This Week in Eco News

Happy Friday! Here is a compilation of stories we followed this week. We circulate these internally and publish synopses throughout the week as Eco News, which you can find all week long — in real time — in the column to the right. You can also find them at this link, and you can sign up to receive them via email each Thursday. If you see a story you think we should include, drop us a line at [email protected].


Unmasking the No on Prop 37 Lies and Dirty Tricks
Big Ag knows that most Californians and in fact, most Americans, support the labeling of GMOs. In desperate attempts to mislead consumers into voting no on Proposition 3 the food industry has been putting out a slew of misinformation in the form of dirty lies and tricks about the GMO labeling initiative. [Organic Consumers]

Serving Science or Monsanto?
Last week, the American Association for the Advancement of Science (AAAS) released a “statement” on GMO labeling that sounds suspiciously supportive of pro-GM industry giants. They claim “mandating such a label can only serve to mislead and falsely alarm consumers.” Interesting that a scientific group would oppose transparency and consumer awareness. [Appetite For Profit]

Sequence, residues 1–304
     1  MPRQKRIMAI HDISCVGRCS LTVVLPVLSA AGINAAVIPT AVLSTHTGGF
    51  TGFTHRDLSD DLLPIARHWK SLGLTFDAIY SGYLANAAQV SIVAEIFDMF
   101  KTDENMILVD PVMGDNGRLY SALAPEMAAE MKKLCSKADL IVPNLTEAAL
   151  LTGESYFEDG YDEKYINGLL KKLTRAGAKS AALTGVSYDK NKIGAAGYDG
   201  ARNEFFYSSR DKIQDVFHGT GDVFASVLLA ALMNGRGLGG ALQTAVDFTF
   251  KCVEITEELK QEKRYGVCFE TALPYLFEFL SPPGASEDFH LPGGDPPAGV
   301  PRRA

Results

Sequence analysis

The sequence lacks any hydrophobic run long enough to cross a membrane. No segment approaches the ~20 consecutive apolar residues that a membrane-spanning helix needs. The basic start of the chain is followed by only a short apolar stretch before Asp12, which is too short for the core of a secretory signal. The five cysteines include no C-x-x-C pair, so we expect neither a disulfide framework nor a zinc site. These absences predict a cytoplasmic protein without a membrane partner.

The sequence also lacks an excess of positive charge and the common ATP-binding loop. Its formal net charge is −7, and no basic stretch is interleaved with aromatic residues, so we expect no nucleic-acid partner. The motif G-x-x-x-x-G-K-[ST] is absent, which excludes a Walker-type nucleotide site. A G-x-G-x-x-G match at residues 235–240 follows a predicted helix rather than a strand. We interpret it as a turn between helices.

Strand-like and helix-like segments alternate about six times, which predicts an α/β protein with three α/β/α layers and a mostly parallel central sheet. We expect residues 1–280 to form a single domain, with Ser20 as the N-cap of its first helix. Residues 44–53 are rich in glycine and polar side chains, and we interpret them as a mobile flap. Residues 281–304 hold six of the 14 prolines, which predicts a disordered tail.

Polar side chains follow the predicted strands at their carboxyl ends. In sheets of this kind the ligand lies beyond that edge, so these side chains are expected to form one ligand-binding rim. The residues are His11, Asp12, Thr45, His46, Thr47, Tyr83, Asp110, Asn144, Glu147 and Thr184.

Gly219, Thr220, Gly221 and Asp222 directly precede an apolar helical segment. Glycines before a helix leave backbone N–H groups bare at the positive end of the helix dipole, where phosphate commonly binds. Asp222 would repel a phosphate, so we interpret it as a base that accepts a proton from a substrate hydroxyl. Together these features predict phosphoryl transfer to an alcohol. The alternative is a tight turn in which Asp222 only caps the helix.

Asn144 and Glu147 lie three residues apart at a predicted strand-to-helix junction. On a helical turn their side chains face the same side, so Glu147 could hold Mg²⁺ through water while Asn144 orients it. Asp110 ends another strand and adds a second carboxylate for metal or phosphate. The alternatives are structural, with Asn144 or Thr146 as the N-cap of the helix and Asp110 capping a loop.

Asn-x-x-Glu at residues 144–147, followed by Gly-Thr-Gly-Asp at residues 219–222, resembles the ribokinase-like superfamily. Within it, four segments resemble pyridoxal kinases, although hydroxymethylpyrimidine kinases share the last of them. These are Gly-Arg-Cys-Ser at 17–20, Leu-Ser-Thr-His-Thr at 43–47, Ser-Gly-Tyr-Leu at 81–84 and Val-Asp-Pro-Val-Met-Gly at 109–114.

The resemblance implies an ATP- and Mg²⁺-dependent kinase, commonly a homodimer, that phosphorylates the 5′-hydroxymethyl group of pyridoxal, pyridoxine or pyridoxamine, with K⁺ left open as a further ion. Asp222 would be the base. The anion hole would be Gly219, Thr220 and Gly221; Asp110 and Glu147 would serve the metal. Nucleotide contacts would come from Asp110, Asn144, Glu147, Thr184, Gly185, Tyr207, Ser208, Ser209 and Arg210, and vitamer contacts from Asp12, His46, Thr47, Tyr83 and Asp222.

McDonald’s 3rd-Quarter Net Income Falls, Hurt by Stronger Dollar
For the first time since 2003, McDonald’s global sales rose less than 2 percent, and its net income dropped almost 4 percent. CEO Don Thompson blamed the economy for the fast food giant’s lackluster performance, but he’s missing the point: consumers are becoming more aware McDonald’s bad practices, yet the company does not seem to think that’s reason enough to make significant changes to the nutritional value of its food or make a move to become more sustainable and conscious of animal welfare issues. [Washington Post]

Can Farms Bounce Back from Superstorms Like Sandy?
As the the east coast recovers from Sandy and as we assess the damage done to farms in the area, we should ask ourselves, "What does the rise of a hyper-volatile climate mean for farms — and our food supply?" [Mother Jones]

US EPA Fails to Protect Salmon from Dangerous Chemicals
Conservation groups and fisherman have filed lawsuits against the EPA, demanding that pesticide restrictions be implemented around salmon streams. The EPA is mandated by law to protect dwindling species like salmon under the Endangered Species Act, and while the agency has requested that chemical companies change their pesticide product labels voluntarily to include buffer requirements, Dow AgroSciences, Makhteshim Agan, and Cheminova have refused to take the request seriously. [Beyond Pesticides]

Study: Roundup and Other Pesticides Directly Linked to Parkinson’s, Neurodegenerative Disorders
A shocking study recently published in the journal Neurotoxicology and Teratology shows that chronic exposure to Monsanto’s Roundup formula, the active ingredient of which is glyphosate, as well as too many other common pesticides and herbicides is one of the primary environmental factors responsible for causing neurodegenerative disorders such as Parkinsons. [Natural News]